Useful (and otherwise) References:
This workshop will be primarily based on two papers of myself and Geordie Williamson:
Soergel calculus and The Hodge theory of Soergel bimodules.
We also have a survey article which roughly covers the content of the Hodge theory of Soergel bimodules.
Soergel calculus has a number of papers which led to it:
Diagrammatics for Soergel categories with Mikhail Khovanov
The two-color Soergel calculus, also known as the Dihedral cathedral
On cubes of Frobenius extensions with Geordie Williamson.
Our proof of the Soergel conjecture was greatly inspired by the excellent work of de Cataldo and Migliorini:
The Hard Lefschetz Theorem and the topology of semismall maps
The Hodge theory of algebraic maps.
Similar workshops have been given twice before:
Aarhus - Videos Lecture notes and Exercises
Chennai - Videos Lecture notes and Exercises.
Required background for the course: General graduate background on algebra.
It may help to learn or refresh one's memory of a few concepts:
The idempotent completion. Given a full additive subcategory A of an abelian category C, its idempotent completion is the full additive subcategory of C whose objects are summands of objects in A (i.e. images of idempotents in A). However, there is a formal way to mimic this construction for any additive category A, even without assume it is embedded in an abelian category, known as the Karoubi envelope.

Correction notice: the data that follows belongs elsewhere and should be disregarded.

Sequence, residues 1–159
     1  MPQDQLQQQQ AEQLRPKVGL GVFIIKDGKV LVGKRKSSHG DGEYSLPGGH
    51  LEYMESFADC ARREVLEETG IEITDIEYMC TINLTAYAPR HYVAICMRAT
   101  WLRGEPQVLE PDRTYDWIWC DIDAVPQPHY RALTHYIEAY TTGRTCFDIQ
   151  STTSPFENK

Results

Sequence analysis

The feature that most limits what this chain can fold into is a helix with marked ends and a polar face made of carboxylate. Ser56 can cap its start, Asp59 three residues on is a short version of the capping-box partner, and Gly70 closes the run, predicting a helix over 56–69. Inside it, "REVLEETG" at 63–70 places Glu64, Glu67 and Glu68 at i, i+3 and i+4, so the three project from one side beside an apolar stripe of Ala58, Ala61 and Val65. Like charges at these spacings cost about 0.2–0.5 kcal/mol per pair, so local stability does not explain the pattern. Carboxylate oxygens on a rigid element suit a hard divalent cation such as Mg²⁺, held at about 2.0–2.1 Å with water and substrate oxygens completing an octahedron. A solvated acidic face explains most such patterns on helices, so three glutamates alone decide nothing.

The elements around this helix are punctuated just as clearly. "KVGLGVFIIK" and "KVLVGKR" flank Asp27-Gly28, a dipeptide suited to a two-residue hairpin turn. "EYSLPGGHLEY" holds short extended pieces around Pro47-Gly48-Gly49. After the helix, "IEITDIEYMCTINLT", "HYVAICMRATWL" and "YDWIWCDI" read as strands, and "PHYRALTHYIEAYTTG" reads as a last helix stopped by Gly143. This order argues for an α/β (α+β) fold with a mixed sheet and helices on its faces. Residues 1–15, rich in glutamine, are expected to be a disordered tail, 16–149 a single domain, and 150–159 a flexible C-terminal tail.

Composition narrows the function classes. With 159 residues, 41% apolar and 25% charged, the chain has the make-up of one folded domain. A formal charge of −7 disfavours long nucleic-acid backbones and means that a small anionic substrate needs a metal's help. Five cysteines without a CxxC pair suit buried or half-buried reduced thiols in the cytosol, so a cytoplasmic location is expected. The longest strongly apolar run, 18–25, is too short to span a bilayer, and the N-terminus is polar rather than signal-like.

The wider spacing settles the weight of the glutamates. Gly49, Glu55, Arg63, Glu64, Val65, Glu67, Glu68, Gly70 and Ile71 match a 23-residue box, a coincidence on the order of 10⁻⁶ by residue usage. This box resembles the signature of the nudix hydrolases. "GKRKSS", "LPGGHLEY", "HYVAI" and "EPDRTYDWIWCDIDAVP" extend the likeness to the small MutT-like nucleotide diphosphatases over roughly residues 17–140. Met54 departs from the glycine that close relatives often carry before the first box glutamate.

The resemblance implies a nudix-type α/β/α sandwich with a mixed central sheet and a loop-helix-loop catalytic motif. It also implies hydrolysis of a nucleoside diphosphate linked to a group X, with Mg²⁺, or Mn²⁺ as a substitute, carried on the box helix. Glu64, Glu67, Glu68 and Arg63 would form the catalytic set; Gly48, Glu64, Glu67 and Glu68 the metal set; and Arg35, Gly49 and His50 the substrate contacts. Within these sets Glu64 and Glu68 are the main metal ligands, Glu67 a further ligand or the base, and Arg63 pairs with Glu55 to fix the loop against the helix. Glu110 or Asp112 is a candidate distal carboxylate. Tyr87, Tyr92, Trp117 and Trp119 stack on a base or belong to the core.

Grothendieck groups of abelian, additive, and triangulated categories. In particular, the Grothendieck group of a Krull-Schmidt additive category has a basis given by indecomposable objects.
The 2-category Bim. See Examples 2.2 in Lauda's paper. This is a formalism for discussing bimodules for various rings, and their tensor products.
Coxeter groups. Coxeter groups are groups with a certain kind of presentation, essentially stating that they are generated by "reflections." We will learn about them in class, but it may help to have some prior awareness of the topic. The exercises will assume the classification of finite Coxeter groups.